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27 Mar 2006 : Column 766W—continued

Prison Officers

Mr. Bellingham: To ask the Secretary of State for the Home Department what role he expects prison officers to play in the effective delivery of case management in the criminal justice system; and if he will make a statement. [57776]

Fiona Mactaggart: Prison Officers will play a large part in the effective delivery of offender management. Although offender managers will be based in the community and will be responsible for offender assessment and sentence planning, the majority of offender supervisors dealing with the custodial part of a sentence will be Prison Officers.

They will be responsible for ensuring the elements of the sentence plan are carried out, for supporting offenders and liaising with those delivering interventions in custody. They will work closely with offender managers in the assessment and planning process. Prison Officers will also be involved in brokering and delivering interventions such as 'Offender Behaviour Programmes', in addition to their general responsibility for promoting a pro-social and positive atmosphere within establishments.


Mr. Bellingham: To ask the Secretary of State for the Home Department in how many prisons inmates routinely eat in their cells; and if he will make a statement. [59197]

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Fiona Mactaggart: This information could be obtained only at disproportionate cost. The arrangements vary in each establishment, sometimes with different arrangements for each meal, and sometimes with different arrangements for different groups of prisoners in the same establishment.

Furthermore, many prisoners choose to eat in their cell where communal eating is an option.


Mr. Amess: To ask the Secretary of State for the Home Department how many prisoners in Coldingley prison have applied for home detention curfews in each of the last 10 years for which figures are available; how many of these had their application (a) accepted and (b) rejected; how many appealed against rejection; and how many of these were successful in their appeal. [47404]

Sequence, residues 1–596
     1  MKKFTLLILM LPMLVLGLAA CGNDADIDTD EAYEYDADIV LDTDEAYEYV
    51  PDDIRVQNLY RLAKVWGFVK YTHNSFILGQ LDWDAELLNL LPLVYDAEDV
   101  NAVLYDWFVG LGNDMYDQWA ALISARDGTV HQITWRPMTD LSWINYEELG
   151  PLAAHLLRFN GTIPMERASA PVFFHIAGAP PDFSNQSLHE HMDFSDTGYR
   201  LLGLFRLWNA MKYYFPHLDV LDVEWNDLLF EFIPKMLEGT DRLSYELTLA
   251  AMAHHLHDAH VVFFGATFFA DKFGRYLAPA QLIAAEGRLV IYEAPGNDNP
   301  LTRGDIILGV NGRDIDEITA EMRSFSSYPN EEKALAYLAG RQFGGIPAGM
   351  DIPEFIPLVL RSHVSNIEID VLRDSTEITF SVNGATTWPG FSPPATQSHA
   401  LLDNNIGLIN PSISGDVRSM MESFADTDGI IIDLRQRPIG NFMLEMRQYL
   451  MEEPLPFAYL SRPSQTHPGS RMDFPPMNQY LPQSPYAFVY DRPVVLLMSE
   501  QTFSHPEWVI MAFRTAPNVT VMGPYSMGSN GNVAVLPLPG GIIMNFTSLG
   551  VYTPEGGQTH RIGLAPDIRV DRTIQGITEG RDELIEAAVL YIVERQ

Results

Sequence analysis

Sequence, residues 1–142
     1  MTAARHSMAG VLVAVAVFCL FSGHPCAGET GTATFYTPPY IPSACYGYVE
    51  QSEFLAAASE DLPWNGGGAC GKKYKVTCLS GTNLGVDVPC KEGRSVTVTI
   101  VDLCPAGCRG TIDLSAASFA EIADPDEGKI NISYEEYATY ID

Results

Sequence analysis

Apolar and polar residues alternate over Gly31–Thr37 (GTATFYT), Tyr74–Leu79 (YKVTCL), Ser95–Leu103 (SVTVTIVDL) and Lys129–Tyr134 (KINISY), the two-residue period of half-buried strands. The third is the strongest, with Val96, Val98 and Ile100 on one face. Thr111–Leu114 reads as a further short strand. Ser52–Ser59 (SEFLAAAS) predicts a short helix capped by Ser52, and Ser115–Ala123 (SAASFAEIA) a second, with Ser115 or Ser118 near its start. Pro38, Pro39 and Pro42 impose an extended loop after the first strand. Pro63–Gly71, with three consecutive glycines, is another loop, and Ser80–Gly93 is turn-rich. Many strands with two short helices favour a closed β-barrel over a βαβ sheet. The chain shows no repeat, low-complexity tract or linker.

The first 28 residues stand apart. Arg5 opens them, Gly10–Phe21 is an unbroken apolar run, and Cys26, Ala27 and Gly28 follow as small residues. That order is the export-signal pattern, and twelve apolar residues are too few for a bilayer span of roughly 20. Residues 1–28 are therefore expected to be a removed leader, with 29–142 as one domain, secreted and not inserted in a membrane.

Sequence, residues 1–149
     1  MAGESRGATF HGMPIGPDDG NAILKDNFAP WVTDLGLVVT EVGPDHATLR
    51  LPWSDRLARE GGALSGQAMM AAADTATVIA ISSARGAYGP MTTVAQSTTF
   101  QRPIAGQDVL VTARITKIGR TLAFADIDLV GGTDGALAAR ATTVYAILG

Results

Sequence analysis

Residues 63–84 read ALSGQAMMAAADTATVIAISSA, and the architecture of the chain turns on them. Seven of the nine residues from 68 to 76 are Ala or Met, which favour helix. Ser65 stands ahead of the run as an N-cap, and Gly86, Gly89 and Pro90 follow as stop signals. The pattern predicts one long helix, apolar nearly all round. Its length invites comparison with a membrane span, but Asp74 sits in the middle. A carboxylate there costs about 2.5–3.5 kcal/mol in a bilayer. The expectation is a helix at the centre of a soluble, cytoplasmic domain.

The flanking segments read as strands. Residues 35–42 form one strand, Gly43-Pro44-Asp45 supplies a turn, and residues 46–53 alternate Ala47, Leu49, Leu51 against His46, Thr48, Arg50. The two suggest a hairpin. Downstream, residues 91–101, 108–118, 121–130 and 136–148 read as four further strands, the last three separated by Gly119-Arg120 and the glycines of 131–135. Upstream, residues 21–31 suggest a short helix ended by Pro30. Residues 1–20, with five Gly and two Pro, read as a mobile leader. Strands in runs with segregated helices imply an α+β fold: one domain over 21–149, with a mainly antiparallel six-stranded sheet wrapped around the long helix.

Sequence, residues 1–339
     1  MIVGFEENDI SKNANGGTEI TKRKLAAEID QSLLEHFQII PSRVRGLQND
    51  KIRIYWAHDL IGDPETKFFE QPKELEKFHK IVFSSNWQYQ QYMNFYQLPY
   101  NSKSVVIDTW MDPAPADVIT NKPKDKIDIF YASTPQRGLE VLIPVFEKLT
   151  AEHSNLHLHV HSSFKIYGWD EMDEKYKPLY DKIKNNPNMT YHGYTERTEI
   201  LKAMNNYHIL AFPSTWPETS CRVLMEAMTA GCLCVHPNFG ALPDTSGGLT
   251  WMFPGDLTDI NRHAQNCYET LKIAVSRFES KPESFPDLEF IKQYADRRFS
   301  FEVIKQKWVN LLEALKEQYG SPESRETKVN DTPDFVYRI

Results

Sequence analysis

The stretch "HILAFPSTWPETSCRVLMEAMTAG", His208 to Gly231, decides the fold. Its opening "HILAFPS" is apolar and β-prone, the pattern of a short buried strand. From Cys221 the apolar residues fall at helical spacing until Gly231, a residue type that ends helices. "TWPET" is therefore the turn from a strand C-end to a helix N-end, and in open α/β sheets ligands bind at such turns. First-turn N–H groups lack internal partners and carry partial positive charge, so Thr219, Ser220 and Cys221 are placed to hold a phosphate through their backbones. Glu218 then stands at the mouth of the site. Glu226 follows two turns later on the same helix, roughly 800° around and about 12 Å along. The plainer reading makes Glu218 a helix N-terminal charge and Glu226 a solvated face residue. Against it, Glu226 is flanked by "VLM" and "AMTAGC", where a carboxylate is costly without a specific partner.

Fiona Mactaggart: The attached table provides figures on the number of prisoners who, according to the Prison Service Inmate Information System, have supplied a proposed curfew address for consideration and have been assessed as suitable or been refused HDC at Coldingley prison since 1999 when the scheme began. Information on the reasons for the refusal of individual applications, and the outcome of appeals, could be provided by the prison itself only at disproportionate cost.
Prisoners released on HOC or whose application for HOC was refused: Coldingley prison


These statistics are based on information recorded on the central prison IT system on 28 February 2006. Further updates and amendments may be made to records on this system resulting in revised figures.

The statistics exclude those prisoners who opted out from the scheme.

John Bercow: To ask the Secretary of State for the Home Department (1) what proportion of the prison population has access to mental health services, including therapy; [55514]

(2) what estimate he has made of the proportion of the prison population who would benefit from mental health services including therapy; [55516]

(3) what assessment he has made of (a) provision and (b) access to mental health services in the prison system. [55527]

Fiona Mactaggart: The survey, Psychiatric morbidity among prisoners in England and Wales (Office for National Statistics, 1988) showed that 90 per cent. of prisoners have at least one significant mental health problem, including personality disorder, psychosis, neurosis, alcohol misuse and drug dependence.
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The responsibility for the provision of health services, including mental health services, to prisoners in publicly run prisons transferred from the Home Office to the Department of Health in 2003. The Department of Health has in turn devolved funding and responsibility for prison health to national health service primary care trusts, which work in partnerships with prisons to commission and deliver services.

Effective mental health services are central to the Government's programme of improvements in health services for prisoners. Nearly £20 million is being spent on mental health provision in 2005–06. The NHS plan commitment to have over 300 additional staff working in prisons as part of NHS mental health in-reach teams (effectively community mental health teams working within prisons) by April 2004 has been met: there are now 360 such staff in post.

In-reach teams are now operating in 102 prisons. All prisons are expected to have access to mental health in-reach services by this spring. An evaluation of the prison mental health in-reach programme has been undertaken and is due to be delivered shortly. We are currently looking at other aspects of our prison health mental programmes with a view to their assessment.